China is set to ease its crackdown on overseas listings following months of market volatility and work with the US to reach an agreement on audit requirements.
The China Securities Regulatory Commission confirmed today that China will communicate with US regulators to usher in greater cooperation between the pair.
The government will begin to “actively introduce policies that benefit markets,” a meeting of China’s top financial policy committee led by Vice Premier Liu He, the country’s top economic official, heard today.
A state media report added that regulators should “complete as soon as possible” the clampdown on internet platform companies. “The Chinese government continues to support various kinds of businesses’ overseas listings,” the report said.
A handful of popular Chinese tech stocks plunged late last week, after the US Securities and Exchange Commission (SEC) said they could be delisted for failing to meet US audit requirements.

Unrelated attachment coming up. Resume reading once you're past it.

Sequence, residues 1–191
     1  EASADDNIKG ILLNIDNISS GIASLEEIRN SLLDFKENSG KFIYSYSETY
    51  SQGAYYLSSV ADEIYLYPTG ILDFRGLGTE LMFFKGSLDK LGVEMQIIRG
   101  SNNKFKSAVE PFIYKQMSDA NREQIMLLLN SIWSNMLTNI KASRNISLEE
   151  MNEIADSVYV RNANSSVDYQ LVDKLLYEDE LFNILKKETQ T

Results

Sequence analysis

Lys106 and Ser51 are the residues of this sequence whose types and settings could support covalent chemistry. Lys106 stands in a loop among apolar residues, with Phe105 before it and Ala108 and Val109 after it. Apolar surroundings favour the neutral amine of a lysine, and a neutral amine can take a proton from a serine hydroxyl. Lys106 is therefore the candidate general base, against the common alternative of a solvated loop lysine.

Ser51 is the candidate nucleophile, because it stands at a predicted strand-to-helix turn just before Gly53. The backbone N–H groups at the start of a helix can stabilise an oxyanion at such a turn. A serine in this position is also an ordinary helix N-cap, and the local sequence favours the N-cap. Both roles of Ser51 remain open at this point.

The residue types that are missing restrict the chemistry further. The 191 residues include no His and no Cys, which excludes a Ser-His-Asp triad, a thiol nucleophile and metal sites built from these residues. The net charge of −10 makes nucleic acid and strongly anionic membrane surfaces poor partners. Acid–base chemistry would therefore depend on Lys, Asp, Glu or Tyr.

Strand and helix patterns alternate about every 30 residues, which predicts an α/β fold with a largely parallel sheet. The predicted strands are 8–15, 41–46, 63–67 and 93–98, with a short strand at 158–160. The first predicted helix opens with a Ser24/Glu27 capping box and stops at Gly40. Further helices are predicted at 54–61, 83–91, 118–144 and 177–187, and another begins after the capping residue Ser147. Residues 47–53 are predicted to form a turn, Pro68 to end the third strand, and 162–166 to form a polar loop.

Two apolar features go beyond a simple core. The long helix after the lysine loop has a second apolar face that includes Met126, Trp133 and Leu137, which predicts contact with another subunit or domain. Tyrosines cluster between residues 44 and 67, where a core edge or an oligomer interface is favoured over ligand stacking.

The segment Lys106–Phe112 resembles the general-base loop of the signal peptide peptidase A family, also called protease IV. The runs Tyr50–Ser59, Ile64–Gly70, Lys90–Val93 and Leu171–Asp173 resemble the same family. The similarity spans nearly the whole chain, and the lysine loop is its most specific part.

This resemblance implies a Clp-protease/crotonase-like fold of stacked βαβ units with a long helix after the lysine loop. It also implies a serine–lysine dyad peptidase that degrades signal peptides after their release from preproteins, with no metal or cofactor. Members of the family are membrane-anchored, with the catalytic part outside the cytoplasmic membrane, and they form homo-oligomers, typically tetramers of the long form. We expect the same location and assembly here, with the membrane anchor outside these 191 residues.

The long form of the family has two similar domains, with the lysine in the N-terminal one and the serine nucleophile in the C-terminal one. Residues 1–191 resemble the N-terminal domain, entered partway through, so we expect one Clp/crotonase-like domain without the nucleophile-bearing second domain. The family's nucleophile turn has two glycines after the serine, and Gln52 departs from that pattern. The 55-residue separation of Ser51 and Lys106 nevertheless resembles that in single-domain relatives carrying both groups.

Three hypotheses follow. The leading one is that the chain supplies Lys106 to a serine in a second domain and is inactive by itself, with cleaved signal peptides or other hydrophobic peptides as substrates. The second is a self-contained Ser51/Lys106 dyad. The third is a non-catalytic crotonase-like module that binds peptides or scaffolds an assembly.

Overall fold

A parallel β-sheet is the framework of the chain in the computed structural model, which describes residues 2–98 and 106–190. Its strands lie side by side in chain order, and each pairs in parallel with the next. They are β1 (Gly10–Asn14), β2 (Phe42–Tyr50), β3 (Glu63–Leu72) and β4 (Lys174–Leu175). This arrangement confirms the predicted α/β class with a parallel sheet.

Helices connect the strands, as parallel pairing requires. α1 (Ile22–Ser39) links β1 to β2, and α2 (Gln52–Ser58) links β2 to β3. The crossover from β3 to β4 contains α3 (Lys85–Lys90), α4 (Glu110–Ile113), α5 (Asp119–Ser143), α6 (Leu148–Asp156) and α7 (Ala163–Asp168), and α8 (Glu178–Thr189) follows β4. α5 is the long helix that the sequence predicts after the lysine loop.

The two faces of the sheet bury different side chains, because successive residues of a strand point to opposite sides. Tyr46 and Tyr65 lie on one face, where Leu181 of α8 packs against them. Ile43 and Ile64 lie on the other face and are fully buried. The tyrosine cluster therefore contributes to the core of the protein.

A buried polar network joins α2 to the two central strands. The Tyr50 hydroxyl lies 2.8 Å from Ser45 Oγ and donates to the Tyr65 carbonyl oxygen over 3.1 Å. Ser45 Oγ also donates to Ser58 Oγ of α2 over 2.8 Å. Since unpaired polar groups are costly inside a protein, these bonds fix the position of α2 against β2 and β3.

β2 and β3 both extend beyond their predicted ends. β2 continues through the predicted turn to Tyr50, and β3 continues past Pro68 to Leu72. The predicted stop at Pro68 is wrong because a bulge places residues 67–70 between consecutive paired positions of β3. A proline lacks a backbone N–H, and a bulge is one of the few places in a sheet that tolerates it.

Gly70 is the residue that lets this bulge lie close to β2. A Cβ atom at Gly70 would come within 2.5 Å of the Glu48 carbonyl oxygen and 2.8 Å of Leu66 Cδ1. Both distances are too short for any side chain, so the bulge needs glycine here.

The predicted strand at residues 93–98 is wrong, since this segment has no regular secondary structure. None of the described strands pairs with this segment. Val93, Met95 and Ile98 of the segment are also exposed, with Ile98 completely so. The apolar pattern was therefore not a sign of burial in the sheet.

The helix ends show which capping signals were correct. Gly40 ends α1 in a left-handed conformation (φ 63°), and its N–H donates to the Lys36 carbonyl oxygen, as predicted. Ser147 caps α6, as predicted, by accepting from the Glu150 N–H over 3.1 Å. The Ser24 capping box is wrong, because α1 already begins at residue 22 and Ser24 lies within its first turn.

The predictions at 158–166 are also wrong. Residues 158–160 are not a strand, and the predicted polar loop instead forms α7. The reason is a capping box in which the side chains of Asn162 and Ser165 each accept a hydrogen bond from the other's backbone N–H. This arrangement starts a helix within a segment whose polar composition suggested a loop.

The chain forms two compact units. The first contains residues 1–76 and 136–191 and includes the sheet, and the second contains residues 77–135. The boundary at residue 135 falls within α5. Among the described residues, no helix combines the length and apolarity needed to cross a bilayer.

Fast-food company Yum China Holdings, tech firm ACM Research, biotech group BeiGene, Zai Lab, as well as pharmaceutical company Hutchmed were among those named and shamed by the US regulator.
Stocks across China and Hong Kong rocketed on Wednesday following the announcement, after a depressed start to the week as fresh Covid-19 lockdown measures dampened investor spirits.
The Hang Seng China Enterprises Index soared 13 per cent at the close in Hong Kong, the most since 2008. While the CSI 300 Index of mainland shares rose 4.3 per cent.
The new Covid-19 measures sparked global supply chain concerns and fears that prices could climb even higher.
Investment group Shard Capital explained earlier this week that “higher food prices are viewed as ‘social kryptonite’ by the Chinese authorities and they will do all they can to ensure that any impact from food price inflation is muted and temporary”.